Dark Souls 2 is out and we’ve given it a verdict in our Dark Souls 2 review.
Celebrity modder and Dark Soul Durante fixed the iffy Prepare to Die PC port with the fittingly-titled DSfix – a sword to kill the original game’s resolution strictures, framerate limitations and graphical glitches dead.
He’s now turned his attention to Dark Souls 2 PC – a rather more accomplished versioning of the sequel, but one which Durante nevertheless plans to blow wide open for downsampling, future texture modding, configurable effects and post-processing malarky.
Earlier this week, Durante introduced GeDoSaTo – a “testament to both [his downsampling] dream, and [his] complete inability to come up with good names”.
Downsampling sees games rendered at silly-high resolutions and then rescaled by GPUs to fit monitors. The result is a cleaner image with less aliasing – and Durante is really keen on the idea.
“I saw a world in which everyone was free to downsample any game, unbound by the restrictions of their monitor or display driver,” he expounded. “One where people could downsample at high refresh rates, and where the quality of the scaling in real-time was finally equal to that achieved in image manipulation programs.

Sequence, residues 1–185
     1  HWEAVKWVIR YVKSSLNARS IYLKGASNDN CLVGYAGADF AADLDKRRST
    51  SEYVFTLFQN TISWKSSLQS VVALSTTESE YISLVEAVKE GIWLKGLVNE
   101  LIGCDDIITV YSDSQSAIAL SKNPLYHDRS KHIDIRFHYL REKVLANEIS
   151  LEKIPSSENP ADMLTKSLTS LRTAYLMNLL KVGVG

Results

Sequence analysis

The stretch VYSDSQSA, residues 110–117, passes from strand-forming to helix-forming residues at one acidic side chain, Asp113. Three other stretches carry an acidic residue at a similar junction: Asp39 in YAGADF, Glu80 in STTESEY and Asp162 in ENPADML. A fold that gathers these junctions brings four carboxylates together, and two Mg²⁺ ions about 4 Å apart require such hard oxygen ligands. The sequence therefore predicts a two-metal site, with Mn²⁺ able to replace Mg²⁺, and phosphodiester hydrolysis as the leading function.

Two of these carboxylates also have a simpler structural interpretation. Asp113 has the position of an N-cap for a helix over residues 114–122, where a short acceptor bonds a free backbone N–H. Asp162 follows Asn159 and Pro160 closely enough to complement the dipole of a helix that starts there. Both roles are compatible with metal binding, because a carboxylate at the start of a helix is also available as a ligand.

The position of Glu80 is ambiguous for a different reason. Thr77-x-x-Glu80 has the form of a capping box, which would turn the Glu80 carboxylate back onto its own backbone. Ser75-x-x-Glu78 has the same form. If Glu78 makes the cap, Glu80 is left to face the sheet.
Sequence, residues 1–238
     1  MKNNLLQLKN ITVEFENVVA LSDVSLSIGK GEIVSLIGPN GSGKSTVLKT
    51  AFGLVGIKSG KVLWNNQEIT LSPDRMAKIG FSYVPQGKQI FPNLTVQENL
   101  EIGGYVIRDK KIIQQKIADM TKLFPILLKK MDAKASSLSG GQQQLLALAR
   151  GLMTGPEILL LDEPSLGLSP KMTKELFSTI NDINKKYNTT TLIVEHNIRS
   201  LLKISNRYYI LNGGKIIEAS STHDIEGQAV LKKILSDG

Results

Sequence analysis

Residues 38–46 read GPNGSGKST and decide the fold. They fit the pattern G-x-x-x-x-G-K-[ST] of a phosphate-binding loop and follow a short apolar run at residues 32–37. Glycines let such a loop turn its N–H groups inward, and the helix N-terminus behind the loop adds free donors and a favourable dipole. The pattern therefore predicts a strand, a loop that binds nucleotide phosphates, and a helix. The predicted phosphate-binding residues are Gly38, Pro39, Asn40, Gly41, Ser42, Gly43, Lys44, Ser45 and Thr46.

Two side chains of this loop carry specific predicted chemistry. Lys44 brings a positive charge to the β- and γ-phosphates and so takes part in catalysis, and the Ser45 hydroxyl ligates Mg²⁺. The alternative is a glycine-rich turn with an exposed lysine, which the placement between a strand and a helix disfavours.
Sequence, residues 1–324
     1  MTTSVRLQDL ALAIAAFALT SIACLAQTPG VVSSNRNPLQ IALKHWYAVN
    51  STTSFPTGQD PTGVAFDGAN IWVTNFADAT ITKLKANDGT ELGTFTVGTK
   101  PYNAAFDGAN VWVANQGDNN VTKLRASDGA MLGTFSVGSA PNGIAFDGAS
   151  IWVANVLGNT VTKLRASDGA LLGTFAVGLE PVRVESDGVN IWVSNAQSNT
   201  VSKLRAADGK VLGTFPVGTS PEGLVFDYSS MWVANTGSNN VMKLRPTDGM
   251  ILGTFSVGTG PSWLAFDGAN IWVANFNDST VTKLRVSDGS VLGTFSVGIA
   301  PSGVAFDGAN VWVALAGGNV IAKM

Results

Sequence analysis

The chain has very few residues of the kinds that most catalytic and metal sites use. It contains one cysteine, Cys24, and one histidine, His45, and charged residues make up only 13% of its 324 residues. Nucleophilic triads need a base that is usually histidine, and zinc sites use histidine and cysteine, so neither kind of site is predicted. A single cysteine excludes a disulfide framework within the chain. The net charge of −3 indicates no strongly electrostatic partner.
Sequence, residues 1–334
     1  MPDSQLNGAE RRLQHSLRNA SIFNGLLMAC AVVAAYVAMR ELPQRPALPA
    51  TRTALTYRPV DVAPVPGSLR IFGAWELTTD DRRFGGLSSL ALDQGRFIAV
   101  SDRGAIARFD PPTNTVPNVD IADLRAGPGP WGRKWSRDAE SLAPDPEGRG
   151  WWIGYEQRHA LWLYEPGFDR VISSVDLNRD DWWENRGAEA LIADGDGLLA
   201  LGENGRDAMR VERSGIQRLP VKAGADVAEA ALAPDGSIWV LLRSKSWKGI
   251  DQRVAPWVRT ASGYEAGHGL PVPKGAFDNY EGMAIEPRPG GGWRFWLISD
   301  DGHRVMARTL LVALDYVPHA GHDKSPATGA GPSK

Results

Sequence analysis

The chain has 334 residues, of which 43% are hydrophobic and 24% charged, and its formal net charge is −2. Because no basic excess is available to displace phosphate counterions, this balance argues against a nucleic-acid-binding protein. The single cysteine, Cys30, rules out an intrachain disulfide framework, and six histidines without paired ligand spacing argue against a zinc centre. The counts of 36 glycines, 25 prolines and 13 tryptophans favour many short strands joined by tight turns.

“But I dared dream further than that. What about providing a set of tools, which would allow anyone, without low-level knowledge of Windows programming or even access to a compiler, to perform game-specific modifications and improvements such as DSfix, AGmod or DPfix? Why not also enable talented artists to use their craft on any game, not just ones designed to be modifiable by their creators?”
The dream is that GeDoSaTo will eventually be compatible with lots of DirectX 9 games – but the current alpha version is only guaranteed to work with Dark Souls 2. The particulars can be tweaked via text files to your preference.
You’ll want to turn off Steam overlay before installing, and avoid alt-tabbing and screenshotting during play – but you can already download an early version of GeDoSaTo. Do you think you might?